This story may or may not be true (as with many of the stories we’ve been told about Columbus) but its sentiment points to a common truth: whenever someone does something significant there will always be someone to rain on the parade.
During my formative years as a magician the urban shaman David Blaine became a household name with his 1997 television special David Blaine: Street Magic. The special did something unique by emphasizing the exaggerated audience reactions rather than focusing in the magic that Blaine performed. Before the show was even over I could already hear magicians the world over chastise the 24-year old magician, accusing him of having no stage presence and only using standard magic props. The overwhelming consensus was that any other magician could have been the star of the show.
We could debate the validity of their arguments, or acknowledge how the ego is always willing to work overtime, but this would ignore the fact that if something is possible then there will always be empowered people to bring it to life. Yes, many magicians could have made audiences scream, laugh, yell, and jump up and down on camera the way Blaine did, but in 1997 it happened to be David Blaine who actually did it.
In science there’s an idea known as multiple discovery, or simultaneous invention. This is when multiple people discover or create the same or very similar things simultaneously and independently. Popular examples include:
- The formulation of calculus by Isaac Newton and Gottfried Wilhelm Leibniz.
- The discovery of oxygen by Carl Wilhelm Scheele, Joseph Priestley, and Antoine Lavoisier.
- The creation of the theory of evolution by Charles Darwin and Alfred Russel Wallace.
An incredible modern example of this is found in literature. The author Elizabeth Gilbert, in her book Big Magic, tells the story of a book she started to write but never finished. Evelyn of the Amazon, as it was tentatively titled, was to tell a harrowing tale:
“It’s about a spinster from Minnesota who’s been quietly in love with her married boss for many years. He gets involved in a harebrained business scheme down in the Amazon jungle. A bunch of money and a person go missing. At which point her quiet life is completely turned into chaos. Also, it’s a love story”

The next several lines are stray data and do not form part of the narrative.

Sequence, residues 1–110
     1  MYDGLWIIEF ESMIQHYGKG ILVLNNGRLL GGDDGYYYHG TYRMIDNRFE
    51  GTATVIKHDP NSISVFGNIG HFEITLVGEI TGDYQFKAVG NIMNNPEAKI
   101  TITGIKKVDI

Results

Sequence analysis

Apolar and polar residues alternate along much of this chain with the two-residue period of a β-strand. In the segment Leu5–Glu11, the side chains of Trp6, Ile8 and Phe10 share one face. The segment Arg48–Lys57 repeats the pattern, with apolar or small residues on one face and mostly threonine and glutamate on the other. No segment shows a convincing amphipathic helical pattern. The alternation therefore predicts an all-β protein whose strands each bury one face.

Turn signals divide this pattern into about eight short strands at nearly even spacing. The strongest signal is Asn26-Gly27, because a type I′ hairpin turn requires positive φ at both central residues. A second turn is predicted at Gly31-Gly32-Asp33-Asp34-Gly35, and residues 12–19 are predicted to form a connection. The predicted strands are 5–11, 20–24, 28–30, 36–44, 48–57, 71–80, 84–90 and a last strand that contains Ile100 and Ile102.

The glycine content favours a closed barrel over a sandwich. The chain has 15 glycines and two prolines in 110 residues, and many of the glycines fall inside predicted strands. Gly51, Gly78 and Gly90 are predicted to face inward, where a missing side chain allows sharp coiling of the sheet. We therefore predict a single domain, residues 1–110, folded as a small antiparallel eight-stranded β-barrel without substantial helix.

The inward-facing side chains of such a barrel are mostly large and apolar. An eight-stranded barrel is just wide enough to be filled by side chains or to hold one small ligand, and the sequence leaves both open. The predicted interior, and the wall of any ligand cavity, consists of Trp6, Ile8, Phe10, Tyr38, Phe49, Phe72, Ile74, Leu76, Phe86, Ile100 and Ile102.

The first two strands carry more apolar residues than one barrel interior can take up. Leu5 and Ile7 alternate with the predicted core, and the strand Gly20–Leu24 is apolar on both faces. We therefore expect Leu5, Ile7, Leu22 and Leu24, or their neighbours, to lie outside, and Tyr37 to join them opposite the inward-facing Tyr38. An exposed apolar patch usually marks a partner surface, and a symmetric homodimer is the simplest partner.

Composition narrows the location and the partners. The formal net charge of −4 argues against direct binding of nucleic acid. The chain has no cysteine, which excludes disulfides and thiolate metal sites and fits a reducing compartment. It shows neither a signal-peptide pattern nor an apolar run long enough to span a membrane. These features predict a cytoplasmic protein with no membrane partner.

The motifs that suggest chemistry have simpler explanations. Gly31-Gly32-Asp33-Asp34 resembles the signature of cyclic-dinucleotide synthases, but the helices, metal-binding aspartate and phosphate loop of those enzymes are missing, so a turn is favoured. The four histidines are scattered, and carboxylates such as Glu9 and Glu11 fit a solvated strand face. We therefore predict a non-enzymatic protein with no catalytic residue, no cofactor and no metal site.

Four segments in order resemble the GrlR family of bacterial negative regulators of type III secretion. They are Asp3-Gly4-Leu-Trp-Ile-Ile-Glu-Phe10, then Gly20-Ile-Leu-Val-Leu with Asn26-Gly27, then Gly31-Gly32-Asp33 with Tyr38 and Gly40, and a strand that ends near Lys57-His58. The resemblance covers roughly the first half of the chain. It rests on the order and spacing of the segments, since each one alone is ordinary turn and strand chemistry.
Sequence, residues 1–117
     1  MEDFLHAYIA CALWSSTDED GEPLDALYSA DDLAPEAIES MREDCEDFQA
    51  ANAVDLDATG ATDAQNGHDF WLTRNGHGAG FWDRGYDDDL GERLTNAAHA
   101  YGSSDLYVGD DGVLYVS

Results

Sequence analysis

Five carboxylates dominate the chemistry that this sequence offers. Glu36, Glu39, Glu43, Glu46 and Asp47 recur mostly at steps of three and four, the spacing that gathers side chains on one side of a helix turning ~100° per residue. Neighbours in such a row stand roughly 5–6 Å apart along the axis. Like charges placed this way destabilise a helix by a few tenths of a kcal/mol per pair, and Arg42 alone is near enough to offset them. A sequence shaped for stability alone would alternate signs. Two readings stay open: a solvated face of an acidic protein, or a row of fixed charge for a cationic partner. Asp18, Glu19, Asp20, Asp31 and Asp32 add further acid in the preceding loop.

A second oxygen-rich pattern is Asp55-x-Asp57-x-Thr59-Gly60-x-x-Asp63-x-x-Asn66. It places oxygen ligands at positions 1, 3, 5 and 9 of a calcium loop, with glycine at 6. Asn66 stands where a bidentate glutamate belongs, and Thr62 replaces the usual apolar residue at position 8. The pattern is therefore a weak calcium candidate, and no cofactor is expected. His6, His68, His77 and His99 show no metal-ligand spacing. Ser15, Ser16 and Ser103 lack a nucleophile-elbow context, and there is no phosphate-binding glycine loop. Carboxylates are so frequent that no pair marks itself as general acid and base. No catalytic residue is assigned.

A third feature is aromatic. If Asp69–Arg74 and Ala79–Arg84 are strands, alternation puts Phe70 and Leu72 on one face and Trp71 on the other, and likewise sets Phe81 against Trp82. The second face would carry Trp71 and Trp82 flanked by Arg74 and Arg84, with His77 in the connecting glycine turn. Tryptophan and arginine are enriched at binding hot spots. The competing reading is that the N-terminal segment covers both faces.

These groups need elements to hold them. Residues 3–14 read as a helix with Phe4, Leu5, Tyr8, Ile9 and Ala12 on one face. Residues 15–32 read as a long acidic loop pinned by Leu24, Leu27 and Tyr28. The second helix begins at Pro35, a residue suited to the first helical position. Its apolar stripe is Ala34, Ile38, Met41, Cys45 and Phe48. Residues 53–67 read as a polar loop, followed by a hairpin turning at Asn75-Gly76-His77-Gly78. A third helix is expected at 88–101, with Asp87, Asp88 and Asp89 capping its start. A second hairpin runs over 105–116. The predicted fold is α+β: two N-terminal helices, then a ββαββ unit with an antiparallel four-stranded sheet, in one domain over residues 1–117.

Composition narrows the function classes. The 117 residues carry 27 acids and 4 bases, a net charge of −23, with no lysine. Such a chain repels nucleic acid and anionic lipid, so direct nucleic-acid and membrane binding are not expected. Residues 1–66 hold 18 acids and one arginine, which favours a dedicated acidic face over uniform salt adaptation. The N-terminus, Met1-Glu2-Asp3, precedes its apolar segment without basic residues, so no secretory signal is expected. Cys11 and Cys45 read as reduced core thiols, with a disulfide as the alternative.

— Elizabeth Gilbert, from Big Magic, page 53
Despite doing extensive research for the book, Gilbert never finished writing it. Not long afterwards she learned that one of her colleagues, Ann Patchett, had published her own new book, State of Wonder. Can you guess what this latest book was about? The book’s summary was identical to Evelyn of the Amazon! Despite knowing nothing about Gilbert’s book, Patchett had independently “discovered” the story herself! Instead of being angry or jealous about losing her book to another author, Gilbert gracefully recognized the oft-quoted maxim:
“Ya snooze, ya lose!”
From magicians lamenting over losing the chance to have their own television special, to an author’s story finding another writer, the lesson is clear: if something is possible then there will always be empowered people to bring it to life. So if you have an idea, a dream, or a goal, and if you don’t act on it, then surely someone else will!
Remember, the ego is always willing to work overtime, and if left unchecked our default reactions will lean towards jealousy, resentment, anger, or the like. It may even lead to an illusion of superiority, which essentially echoes the words of a famous song: